The identification of death is critical for epidemiological research. Despite recent developments in health insurance claims databases, the quality of death information in claims is not guaranteed because health insurance claims are collected primarily for reimbursement. We aimed to examine the usefulness and limitations of death information in claims data and to examine methods for improving the quality of death information for aged persons.
We used health insurance claims data and enrollment data (as the gold standard) from September 2012 through August 2015 for nondependent persons aged 65–74 years enrolled in Japanese workplace health insurance. Overall, 3,710,538 insured persons were registered in the database during the study period. We analyzed 45,441 eligible persons. Inpatient and outpatient deaths were identified from the discharge/disease status in the claims, with sensitivities of 94.3% and 47.4%, specificities of 98.5% and 99.9%, and PPVs of 96.3% and 95.7%, respectively, using enrollment data as the gold standard. For outpatients, death defined as a combination of disease status and charge data for terminal care still indicated low sensitivity (54.7%).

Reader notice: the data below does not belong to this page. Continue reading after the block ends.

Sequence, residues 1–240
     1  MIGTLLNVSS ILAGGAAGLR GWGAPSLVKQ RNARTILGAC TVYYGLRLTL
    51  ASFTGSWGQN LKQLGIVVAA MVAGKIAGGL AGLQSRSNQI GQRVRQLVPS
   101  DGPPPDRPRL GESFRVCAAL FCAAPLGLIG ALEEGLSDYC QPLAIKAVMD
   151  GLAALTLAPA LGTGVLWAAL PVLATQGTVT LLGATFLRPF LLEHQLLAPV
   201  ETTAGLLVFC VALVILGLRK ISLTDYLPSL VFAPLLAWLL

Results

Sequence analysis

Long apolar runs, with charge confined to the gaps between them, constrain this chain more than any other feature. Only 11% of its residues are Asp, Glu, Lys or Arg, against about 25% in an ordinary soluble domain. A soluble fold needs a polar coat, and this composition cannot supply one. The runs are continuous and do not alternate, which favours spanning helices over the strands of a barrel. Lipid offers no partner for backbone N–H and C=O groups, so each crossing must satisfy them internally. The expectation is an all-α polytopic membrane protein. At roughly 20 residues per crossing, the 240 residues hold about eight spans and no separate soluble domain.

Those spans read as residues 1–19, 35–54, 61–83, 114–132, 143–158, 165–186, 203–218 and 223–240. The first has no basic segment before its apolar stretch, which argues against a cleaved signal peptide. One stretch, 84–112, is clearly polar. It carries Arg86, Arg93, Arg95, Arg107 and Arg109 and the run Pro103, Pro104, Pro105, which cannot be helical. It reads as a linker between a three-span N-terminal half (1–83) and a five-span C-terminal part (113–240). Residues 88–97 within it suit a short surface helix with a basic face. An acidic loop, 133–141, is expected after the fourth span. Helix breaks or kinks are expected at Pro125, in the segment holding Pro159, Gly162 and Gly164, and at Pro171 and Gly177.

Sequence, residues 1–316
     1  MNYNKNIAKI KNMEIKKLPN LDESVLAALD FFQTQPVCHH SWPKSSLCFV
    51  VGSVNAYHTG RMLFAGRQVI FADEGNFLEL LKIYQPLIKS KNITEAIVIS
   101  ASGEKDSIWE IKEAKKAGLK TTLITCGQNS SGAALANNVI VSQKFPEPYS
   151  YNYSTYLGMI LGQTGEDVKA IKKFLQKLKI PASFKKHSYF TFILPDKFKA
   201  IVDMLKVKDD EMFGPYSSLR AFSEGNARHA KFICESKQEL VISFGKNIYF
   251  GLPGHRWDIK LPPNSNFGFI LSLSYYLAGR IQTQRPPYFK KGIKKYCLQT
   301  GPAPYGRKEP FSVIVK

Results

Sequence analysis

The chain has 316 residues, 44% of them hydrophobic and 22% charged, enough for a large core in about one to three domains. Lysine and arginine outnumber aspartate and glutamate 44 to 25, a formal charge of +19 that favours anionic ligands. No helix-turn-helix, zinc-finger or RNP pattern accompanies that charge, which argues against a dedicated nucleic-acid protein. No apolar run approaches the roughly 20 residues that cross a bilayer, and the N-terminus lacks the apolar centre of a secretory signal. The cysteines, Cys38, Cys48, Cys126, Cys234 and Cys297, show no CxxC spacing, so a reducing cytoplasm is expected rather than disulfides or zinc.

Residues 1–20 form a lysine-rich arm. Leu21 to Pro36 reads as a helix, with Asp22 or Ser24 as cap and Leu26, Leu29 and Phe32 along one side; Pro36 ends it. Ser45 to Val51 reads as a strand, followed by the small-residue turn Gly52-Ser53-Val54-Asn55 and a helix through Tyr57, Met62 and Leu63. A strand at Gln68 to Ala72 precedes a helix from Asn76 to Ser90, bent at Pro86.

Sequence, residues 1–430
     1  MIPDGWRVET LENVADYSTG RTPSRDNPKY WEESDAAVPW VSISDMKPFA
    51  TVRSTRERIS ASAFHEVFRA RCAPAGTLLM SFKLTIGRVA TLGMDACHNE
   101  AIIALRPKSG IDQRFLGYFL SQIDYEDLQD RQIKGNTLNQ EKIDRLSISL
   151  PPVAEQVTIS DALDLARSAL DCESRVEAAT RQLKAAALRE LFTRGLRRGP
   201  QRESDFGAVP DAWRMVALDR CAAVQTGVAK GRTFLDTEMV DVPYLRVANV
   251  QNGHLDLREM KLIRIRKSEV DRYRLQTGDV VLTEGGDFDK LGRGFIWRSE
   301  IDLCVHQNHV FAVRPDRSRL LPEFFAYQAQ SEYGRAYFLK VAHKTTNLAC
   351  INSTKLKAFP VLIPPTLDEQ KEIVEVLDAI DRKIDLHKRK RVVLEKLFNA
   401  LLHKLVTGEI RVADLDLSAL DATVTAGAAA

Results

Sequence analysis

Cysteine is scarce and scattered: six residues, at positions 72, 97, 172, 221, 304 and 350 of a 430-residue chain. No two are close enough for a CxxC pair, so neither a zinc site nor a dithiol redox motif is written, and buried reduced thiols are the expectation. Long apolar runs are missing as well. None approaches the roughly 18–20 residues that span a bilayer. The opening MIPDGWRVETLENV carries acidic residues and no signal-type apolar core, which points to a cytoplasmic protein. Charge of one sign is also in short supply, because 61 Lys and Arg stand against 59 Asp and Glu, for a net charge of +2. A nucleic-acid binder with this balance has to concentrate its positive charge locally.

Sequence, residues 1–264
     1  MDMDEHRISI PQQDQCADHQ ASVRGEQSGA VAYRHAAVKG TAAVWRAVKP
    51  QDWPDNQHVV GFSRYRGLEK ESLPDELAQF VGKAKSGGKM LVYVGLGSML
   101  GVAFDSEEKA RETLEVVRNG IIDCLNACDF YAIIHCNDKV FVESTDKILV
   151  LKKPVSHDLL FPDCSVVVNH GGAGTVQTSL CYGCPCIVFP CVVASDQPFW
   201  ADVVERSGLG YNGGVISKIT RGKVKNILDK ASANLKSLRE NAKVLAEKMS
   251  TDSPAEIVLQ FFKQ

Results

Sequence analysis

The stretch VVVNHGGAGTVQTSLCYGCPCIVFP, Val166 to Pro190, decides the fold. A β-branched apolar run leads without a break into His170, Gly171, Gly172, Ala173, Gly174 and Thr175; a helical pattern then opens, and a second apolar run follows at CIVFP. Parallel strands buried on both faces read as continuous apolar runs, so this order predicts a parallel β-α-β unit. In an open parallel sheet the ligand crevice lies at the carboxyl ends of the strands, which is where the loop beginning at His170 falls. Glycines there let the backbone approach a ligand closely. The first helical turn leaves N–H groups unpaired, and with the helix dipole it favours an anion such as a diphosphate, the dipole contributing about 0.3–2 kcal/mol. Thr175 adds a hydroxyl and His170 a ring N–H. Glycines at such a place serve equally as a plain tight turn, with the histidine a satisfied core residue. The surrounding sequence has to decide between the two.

The validity of death information in inpatient claims was high, suggesting its potential usefulness for identifying death. However, given the low sensitivity for outpatient deaths, the use of death information obtained solely from records in outpatient claims is not recommended.